Over recent decades a number of cities and states have enacted gay rights laws that include protections against employment discrimination (most recently in Utah), but no federal law establishes such protection nationwide. However, that hasn’t stopped federal agencies from issuing a steady stream of edicts providing gay employees with an ever-widening array of protections.
A good example is the U.S. Department of Labor rule changing the definition of "spouse" in the Family and Medical Leave Act (FMLA) to include most same-sex married couples. DOL proposed the change last year after the Supreme Court overturned the Defense of Marriage Act, which previously defined marriage under federal law as being only between one man and one woman.
A federal court in Texas temporarily stayed the new FMLA rule on March 26, one day before it was to go into effect, at the request of the states of Texas, Arkansas, Louisiana and Nebraska, who argue that it violates their laws refusing to recognize same-sex marriage. However, it is expected to go into effect after the Supreme Court rules on other same-sex cases in decisions it will issue no later than June.
A reminder: The FMLA covers non-government employers who have 50 or more workers, and allows eligible employees to take up to 12 weeks of unpaid leave every 12 months to care for a newborn, spouse, child, or parent with a serious health condition, among other things.
In adopting the same-sex rule, the Labor Department followed the legal reasoning already used by the Department of Defense in recognizing such unions. Like DOD and DOL look at the "place of celebration" of the wedding instead of state of the partners' residence. As a result, if a same-sex couple was validly married in any state, they are considered "spouses" for FMLA purposes regardless of where they live later.
When the rule goes into effect, employers will need to revise their FMLA policies to reflect the new definition, and change FMLA forms to confirm family relationships consistent with it.
The Obama Administration also has taken steps to extend antidiscrimination and employment protections for gay and transgendered members of the military, federal employees and employees of companies that do business with the government.
On April 8 President Obama’s executive order went into effect prohibiting federal contractors from discriminating on the basis of sexual orientation and gender identity. This applies to all federal contractors and federally-assisted construction contractors and subcontractors with government contracts of $10,000 or more.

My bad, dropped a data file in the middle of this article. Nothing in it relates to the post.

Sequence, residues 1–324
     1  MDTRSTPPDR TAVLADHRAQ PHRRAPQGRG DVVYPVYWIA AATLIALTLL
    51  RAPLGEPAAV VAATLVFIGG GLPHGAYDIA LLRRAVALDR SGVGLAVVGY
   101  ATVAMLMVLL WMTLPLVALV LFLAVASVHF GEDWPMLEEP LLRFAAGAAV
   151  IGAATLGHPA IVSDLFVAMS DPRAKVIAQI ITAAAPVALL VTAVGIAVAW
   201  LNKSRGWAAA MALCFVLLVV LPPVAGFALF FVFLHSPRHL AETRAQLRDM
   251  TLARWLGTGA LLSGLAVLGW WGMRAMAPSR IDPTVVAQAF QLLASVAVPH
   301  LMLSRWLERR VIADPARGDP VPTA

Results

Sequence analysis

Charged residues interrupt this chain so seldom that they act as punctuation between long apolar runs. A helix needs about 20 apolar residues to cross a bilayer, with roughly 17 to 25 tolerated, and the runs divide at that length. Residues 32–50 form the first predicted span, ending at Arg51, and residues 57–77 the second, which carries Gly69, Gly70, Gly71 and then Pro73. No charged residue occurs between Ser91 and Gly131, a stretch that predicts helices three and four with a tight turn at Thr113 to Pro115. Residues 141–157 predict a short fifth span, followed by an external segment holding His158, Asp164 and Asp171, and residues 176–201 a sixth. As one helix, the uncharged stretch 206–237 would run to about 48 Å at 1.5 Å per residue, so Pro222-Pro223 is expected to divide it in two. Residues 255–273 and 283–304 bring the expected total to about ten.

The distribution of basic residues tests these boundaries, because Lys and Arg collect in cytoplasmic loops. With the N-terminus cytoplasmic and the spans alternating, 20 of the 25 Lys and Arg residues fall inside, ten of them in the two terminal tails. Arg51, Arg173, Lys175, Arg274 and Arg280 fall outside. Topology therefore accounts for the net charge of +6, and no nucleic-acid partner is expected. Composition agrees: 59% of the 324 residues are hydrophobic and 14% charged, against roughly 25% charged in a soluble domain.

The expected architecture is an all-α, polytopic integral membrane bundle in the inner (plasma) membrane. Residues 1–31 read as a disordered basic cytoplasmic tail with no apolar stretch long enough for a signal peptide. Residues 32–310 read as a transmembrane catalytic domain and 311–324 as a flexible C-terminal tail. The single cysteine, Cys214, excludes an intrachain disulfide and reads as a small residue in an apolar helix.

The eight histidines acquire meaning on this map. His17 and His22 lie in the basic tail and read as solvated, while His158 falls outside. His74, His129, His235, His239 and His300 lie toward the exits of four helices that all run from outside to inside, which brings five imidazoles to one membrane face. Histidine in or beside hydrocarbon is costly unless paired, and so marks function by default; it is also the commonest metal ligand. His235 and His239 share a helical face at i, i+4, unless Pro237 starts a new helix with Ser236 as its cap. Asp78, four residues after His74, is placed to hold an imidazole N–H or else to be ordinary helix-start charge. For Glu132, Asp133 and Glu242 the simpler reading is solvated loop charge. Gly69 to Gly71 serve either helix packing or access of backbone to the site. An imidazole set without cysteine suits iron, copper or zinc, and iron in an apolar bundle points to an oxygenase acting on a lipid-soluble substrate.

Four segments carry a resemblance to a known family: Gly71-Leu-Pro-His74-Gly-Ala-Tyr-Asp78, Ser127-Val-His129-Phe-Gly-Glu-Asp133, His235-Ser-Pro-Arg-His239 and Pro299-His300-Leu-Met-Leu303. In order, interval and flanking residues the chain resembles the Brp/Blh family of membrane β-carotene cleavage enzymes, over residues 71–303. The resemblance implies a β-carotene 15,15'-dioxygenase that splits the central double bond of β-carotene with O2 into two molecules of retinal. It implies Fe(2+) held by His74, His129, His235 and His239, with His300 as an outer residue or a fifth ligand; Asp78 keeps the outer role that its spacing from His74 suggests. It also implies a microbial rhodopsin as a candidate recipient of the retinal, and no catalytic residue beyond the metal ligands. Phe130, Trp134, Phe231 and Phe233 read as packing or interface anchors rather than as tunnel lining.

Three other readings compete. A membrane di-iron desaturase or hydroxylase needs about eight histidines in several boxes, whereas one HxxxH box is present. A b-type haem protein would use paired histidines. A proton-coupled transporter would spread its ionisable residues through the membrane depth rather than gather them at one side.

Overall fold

Contractors are now required to include gender identity and sexual orientation protections in their Equal Opportunity Clause, and must update the equal opportunity language in job applications and solicitations that promise you will treat applicants and employees without regard to their sexual orientation and gender identity.
In February the Equal Employment Opportunity Commission issued an internal memo revealing that it already has begun processing and investigating employment discrimination cases involving sexual orientation, transgender status and gender identity.
There is one important element missing from this picture, though. These actions are part of the Obama Administration’s declared intent to push the boundaries of what previously was deemed unacceptable without enabling legislation.
Since 1994 Congress has failed to pass gay employment rights protections in a bill called the Employment Non-Discrimination Act, and there is little prospect that it will pass in a Republican-controlled Congress. EEOC is proceeding under the umbrella of changes designed to protect women in the workplace that Congress added to Title VII of the Civil Rights Act in 1991 and more recently with the Lilly Ledbetter Act mandating equal pay for women and men.
Regardless of where your opinion falls on this issue, if you are an employer you have some work to do to make sure you stay legal under the new rules.
David Sparkman is founding editor of ACWI Advance, the newsletter of the American Chain of Warehouses Inc., as well as a member of the MH&L Editorial Advisory Board.